This was my best golf season yet. Right now, it just feels right. It feels like it’s all there.
By Mark Griffin Press Contributing Writer email@example.com
Fisher are the only two returning starters from a Woodmore squad that won the school’s second straight Northern Buckeye Conference title last season and then went on to take the sectional crown at Green Hills. If Gedert shoots the same round he did at last week’s NBC tournament at Green Hills, the Wildcats will have a shot to advance at sectionals. Gedert, 17, repeated as
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cuit and did fairly well in the TJGA. “This was my best golf season yet,” Gedert said. “Right now, it just feels right. It feels like it’s all there. Everything’s coming together at once, just because of going out and practicing every day and playing golf.” Burner, who said Gedert is a jokester who “keeps the team loose,” said he has been impressed by the way Gedert has improved his game. “Alex has total game,” the coach said. “He’s long off the tee and he is knowledgable around the greens, as far as being able to flop it over and get up and down. He gets out there in the summer and they play the bigger courses. I knew he was going to be a real good golfer, but I didn’t know he was going to have the total package he showed this year. There are no weak spots in his game.” Gedert, who also plays organized hockey for the Northwest Eagles midget club, said he is ready for the postseason and has one goal in mind. “State’s the main goal,” he said on Wednesday. “Right now I’m looking at sectionals and taking it one step at a time, but state is the ultimate goal. That’s where you want to be at the end of the year.”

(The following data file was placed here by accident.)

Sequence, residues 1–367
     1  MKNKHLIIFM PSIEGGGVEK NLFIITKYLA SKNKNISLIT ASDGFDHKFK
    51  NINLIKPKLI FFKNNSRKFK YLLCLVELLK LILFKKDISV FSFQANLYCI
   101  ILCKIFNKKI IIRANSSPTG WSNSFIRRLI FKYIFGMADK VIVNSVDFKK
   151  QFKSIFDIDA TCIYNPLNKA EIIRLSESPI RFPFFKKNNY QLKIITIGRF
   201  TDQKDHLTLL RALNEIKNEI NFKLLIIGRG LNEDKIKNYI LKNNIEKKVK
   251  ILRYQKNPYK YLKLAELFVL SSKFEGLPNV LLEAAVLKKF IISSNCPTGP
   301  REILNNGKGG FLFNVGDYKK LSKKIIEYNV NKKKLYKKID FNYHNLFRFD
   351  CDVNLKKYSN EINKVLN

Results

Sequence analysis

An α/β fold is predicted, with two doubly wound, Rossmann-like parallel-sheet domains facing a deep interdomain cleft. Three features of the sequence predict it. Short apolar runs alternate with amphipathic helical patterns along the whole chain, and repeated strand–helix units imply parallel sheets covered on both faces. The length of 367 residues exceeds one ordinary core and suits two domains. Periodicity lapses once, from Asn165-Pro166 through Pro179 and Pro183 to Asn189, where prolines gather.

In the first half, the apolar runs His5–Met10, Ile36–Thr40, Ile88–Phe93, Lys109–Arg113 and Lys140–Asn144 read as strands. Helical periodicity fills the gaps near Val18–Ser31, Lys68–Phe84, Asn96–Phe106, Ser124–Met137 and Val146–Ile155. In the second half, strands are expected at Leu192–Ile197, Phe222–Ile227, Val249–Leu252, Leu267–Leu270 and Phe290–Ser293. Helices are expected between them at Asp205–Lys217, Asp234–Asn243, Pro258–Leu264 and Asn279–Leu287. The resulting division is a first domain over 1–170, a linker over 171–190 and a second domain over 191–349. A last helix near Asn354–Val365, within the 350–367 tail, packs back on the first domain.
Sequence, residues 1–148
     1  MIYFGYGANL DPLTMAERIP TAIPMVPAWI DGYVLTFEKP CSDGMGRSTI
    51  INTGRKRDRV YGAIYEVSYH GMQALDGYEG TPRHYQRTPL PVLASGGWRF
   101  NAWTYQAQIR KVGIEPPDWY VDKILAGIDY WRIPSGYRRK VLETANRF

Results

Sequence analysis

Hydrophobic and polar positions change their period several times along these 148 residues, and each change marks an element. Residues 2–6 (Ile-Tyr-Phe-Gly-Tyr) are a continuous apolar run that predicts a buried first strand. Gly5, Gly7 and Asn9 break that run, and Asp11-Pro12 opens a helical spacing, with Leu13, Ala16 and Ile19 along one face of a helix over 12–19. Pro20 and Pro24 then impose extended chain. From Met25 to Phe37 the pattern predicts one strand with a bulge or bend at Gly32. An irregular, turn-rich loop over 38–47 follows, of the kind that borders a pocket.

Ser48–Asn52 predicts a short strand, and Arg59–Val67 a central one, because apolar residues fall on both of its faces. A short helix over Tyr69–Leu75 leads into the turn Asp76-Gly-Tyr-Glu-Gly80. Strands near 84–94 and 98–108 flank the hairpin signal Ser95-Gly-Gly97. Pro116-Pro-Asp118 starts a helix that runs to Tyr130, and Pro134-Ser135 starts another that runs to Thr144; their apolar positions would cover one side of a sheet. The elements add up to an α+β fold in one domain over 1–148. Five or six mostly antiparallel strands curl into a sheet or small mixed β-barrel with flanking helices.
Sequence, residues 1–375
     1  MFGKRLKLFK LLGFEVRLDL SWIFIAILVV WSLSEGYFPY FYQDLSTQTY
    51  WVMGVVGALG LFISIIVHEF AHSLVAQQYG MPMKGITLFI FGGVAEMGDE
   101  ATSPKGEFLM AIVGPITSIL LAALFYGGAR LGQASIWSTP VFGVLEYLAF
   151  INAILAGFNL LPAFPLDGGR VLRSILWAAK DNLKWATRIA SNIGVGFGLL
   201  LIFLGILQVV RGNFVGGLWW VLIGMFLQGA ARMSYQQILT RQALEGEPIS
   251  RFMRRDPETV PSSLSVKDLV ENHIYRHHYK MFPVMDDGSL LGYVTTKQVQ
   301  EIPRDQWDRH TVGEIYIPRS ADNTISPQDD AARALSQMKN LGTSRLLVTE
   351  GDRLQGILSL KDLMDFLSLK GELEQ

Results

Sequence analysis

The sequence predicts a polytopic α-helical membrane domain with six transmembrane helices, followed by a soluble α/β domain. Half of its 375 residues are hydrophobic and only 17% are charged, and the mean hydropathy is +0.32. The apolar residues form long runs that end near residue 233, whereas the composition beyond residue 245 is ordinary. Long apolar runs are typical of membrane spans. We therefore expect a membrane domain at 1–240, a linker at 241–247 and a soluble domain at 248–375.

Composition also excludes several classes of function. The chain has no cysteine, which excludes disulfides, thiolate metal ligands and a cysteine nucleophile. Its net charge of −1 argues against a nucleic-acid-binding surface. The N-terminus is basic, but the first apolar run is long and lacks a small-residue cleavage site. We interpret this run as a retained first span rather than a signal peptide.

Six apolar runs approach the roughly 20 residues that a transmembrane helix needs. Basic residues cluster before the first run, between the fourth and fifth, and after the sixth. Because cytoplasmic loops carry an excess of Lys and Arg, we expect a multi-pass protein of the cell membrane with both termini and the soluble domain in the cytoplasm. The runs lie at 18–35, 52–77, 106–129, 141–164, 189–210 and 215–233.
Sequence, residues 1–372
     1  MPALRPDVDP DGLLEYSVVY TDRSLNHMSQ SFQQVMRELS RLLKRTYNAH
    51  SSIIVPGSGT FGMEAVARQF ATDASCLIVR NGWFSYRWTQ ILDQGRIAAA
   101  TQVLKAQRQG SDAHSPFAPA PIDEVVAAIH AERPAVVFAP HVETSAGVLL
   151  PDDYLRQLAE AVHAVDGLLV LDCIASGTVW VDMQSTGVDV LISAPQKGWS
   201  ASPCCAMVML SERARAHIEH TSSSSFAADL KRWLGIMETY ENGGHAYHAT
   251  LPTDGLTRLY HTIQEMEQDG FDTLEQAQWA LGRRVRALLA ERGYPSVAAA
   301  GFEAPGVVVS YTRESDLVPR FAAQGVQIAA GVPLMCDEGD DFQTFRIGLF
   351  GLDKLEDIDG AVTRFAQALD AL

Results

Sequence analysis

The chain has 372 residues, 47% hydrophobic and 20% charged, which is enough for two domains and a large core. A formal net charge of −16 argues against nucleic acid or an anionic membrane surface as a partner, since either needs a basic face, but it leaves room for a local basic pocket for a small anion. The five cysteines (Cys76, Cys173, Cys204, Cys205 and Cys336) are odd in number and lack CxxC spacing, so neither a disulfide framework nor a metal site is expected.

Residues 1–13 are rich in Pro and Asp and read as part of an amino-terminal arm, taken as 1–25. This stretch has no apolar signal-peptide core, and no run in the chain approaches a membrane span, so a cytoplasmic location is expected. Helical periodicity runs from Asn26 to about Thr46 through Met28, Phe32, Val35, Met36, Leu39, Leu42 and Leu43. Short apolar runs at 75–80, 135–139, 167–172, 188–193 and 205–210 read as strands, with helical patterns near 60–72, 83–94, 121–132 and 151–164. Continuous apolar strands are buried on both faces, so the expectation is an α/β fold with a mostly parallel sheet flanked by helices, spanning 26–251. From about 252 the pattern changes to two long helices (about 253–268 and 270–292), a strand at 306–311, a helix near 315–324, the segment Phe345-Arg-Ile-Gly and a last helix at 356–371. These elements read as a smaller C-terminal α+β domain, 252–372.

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a first-team all-conference performer this season after earning medalist honors at the NBC tourney. The 69 he carded was his low round for the season. “It was huge for me to make a big move and make a run at it,” said Gedert, who shot 79 in the NBC tourney last season. “Everything just came together. I don’t know if I expected medalist. It never crossed my mind. I just wanted to go out and shoot a good round.” Woodmore won the NBC tournament but fell short of defending its overall conference championship. Lake won the NBC title, which consists of four nine-hole shootouts against NBC rivals and the season-ending 18-hole tournament. Woodmore and Eastwood tied for second place for the overall title. “It was tough,” Gedert said. “Going in, we weren’t in a good spot. It was big that we pulled through and got second. It was a big step. Our coach expected third and we exceeded expectations, because we didn’t play well up to that point. We brought it all to the (NBC) championship.” Gedert honed his game by playing all summer in the Lake Erie Junior Golf Association and the Toledo Junior Golf Assocation. He won four times on the LEJGA cir-
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THE PRESS SEPTEMBER 30, 2013